What We Imagine Knowledge to Be

Wallace Stevens, Elizabeth Bishop,
and Seventy Years of American Studies

ORCiD_Logo Philip McGowan


This essay looks back to 1947, the year that the Salzburg seminar was inaugurated, as well as looking at contemporary issues in American studies to chart where we have come from to date and where the field is heading. Its main argument examines the poems "Esthétique du Mal" by Wallace Stevens from his 1947 collection Transport to Summer and "At the Fishhouses" by Elizabeth Bishop, first published in 1947, and explores common themes of knowledge, pain, loss, and history. As the Western world experiences again a moment of political and cultural uncertainty brought to the center stage of US and European discourse in 2016 by the election of Donald Trump and the UK vote to leave the European Union, Stevens and Bishop offer routes forward through such moments of heightened politicization. American studies, as a field of interconnected disciplines, continually confronts the difficult aspects of twentieth- and twenty-first-century life. As the rise of the Black Lives Matter and #MeToo movements have indicated, the open ruptures within American society will continue to pour forth debates requiring urgent critical attention and discussion. Incidents of racial hatred, of right-wing extremism, and of abusive misogynistic sexism, dormant to varying degrees prior to Trump’s election, have come to the surface of a nation increasingly riven by what the reality of his Presidency means for America. Our job, as researchers and teachers, is to engage each and every aspect of this moment in history, however contested or controversial they may be.


Taking its title from a line in Elizabeth Bishop's 1947 poem "At the Fishhouses," the narrative of which details a trip back to the Nova Scotian environments of her childhood, this article (re-)establishes imagination and knowledge as two modes of response to a fractured or uncertain world. At the opening of the 2017 Austrian Association for American Studies conference, Ralph Poole's keynote "Huck Finn at King Arthur's Court: F. O. Matthiessen, the Salzburg Seminar, and American Studies" offered an agile and intricate reading of F. O. Matthiessen, Henry James, and the figurative and actual ghosts that were circulating both in post-World War II Salzburg and also in James's The Portrait of a Lady (1881).1 What Poole so cogently developed permits this discussion to build on a number of shared themes: in particular, questions of suffering, innocence, and experience are uppermost in my mind. Recall the conversation in The Portrait of a Lady between Isabel Archer and Ralph Touchett concerning the failure of ghosts to appear to innocents such as Isabel herself. Using 1947 as the temporal point of significance (because it was the year of the first Salzburg Seminar), what follows examines how two American poems negotiate the themes of suffering, innocence, and experience during and immediately after the war in Europe. Both poems are written by American poets firmly ensconced within the United States. The first, "Esthétique du Mal" by Wallace Stevens, was written and published in 1944. One of Stevens's "greater poems of the Second World War,"2 its fifteen cantos reveal an "openly apocalyptic" Stevens,3 and are a key moment in his 1947 collection Transport to Summer. The second poem, Bishop's "At the Fishhouses," first published in The New Yorker on August 9, 1947, although not immediately concerned with the events of the recent war, is a work that offers resolution after rupture from a writer well versed in personal and familial dislocation.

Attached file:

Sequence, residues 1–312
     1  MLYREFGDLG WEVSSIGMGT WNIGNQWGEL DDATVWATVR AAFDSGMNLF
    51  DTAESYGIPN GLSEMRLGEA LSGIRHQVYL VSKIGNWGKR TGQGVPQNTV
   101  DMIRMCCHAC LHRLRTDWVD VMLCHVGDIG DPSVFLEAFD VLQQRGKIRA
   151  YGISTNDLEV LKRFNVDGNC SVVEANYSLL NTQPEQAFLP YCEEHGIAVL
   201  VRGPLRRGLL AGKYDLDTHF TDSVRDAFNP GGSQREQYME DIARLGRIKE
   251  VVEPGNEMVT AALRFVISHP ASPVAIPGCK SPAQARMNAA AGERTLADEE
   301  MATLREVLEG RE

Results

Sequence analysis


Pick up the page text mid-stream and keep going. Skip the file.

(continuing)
Following Poole's identification of Matthiessen's own issues with dislocation, identity and belonging, I want to connect my readings of these Stevens and Bishop poems back to Matthiessen and the project of American studies that he helped inaugurate here in Salzburg in the summer of 1947. Such a backward glance over traveled roads allows a self-reflexive consideration of the state of the field of our interests today: by tallying where we have come from previously, particularly out of the immediate shadows of World War II, we can begin to speculate where American studies might be headed at this point nineteen years into the twenty-first century. The myriad fields that now constitute American studies have expanded beyond all recognition when compared to 1947, and the continual redefinition of the territories of American studies is central to what maintains its relevance as an academic discipline. Our field is the cultural barometer of contemporary events and phenomena that are insistently transnational as well as being multiply transformative. That said, the close of 2017 brought with it ominous echoes and historical reminders of that earlier time period, seventy years previously, out of which Europe, led by interventionist US initiatives in foreign and educational policy, was taking preliminary steps after World War II.